There Is Now An AI That Can Make Its Own Memes

An AI that can make memes? Shut up and take my money! Mopic/Shutterstock

When it comes to artificial intelligence, some people are worried that they might attack us or take our jobs. However, it turns out that they might also supersede us at making memes. A new deep neural network approach has demonstrated that AI can produce funny and relevant captions when given a meme image. What a time to be alive.

The algorithm is called "dank learning" after dank memes, a slang term that refers ironically to the most bizarre memes or memes that are now so overused that they have lost their original comedic value. That said, the program is capable of breathing new life into the memes of bygone days. The project was created by Stanford students Abel L. Peirson V and E. Meltem Tolunay.

This AI approach is known as machine learning. The software was not explicitly programmed to create memes, but to perform certain actions and create new outputs based on what it has learned. In this case, the team used about 2,600 unique memes, with up to 160 different captions. Based on this extensive library, the algorithm began generating memes.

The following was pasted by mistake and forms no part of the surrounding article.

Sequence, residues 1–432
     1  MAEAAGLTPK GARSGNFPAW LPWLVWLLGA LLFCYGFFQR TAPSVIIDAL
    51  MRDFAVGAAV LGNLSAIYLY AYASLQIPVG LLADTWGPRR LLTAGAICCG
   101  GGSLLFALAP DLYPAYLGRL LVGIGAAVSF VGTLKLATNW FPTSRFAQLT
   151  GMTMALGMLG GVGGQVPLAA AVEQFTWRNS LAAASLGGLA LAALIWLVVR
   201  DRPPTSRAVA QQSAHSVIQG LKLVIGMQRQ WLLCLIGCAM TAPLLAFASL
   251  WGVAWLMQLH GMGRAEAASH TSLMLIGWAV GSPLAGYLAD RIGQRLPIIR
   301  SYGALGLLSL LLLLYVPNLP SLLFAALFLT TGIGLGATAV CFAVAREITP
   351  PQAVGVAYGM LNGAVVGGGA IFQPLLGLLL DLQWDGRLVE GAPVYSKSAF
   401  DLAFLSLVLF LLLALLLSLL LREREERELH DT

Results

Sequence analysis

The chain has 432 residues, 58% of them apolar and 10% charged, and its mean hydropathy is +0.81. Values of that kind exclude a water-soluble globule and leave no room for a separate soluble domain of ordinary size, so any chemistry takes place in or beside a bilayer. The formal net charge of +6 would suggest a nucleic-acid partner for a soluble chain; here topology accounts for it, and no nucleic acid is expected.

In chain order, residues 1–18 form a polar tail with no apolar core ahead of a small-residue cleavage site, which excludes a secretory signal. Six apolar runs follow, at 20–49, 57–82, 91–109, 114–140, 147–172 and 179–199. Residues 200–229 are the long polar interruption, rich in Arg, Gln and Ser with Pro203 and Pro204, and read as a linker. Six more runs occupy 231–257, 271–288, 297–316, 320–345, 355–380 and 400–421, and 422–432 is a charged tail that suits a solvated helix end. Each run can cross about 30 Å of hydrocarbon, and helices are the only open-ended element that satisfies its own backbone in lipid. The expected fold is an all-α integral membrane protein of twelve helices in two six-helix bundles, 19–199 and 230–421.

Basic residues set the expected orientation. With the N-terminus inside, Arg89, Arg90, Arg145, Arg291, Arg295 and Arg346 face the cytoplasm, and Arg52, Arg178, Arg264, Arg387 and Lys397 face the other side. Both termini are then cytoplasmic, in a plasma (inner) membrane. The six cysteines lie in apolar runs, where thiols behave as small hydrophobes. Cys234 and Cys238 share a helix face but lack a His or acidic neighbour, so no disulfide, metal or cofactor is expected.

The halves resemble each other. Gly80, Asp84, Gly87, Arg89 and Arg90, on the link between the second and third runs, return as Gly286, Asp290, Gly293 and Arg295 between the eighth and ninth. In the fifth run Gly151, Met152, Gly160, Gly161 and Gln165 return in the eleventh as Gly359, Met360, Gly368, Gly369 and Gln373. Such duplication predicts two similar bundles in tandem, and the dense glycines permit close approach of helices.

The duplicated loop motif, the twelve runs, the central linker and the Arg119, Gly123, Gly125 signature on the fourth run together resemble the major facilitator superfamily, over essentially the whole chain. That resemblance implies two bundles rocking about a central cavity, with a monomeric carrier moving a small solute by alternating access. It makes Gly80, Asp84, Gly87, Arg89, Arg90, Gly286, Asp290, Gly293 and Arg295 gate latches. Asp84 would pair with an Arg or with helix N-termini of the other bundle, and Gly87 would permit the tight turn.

And the memes created by the AI seem real. You can’t tell these and the non-AI generated ones apart at all. When 20 different memes were shown to five individuals from diverse backgrounds, they could hardly distinguish the real memes from the AI-generated ones and gave them similar ratings of hilarity.

Some examples of the memes created by the AI. Dank Learning/Stanford

“Obtained results indicate that memes can be generated that in general cannot be easily distinguished from naturally produced ones, if at all, using human evaluations,” the researchers wrote in their paper. “We acknowledge that one of the greatest challenges in our project and other language modeling tasks is to capture humor, which varies across people and cultures.”

The algorithm is not perfect. One issue the team would like to solve is teaching the AI to realize where the breakpoint in the text should be. In this project, those were chosen by the researchers, but they believe that once a program can do that, it will be capable of autonomously creating memes.

The researchers also noted that in the process of trying to learn from the dataset, the AI began to use expletives as well as racist and sexist terms. This has been seen before (read more here) and shows how learning algorithms, just like people, are strongly influenced by what they are exposed to.

[H/T: The Next Web]

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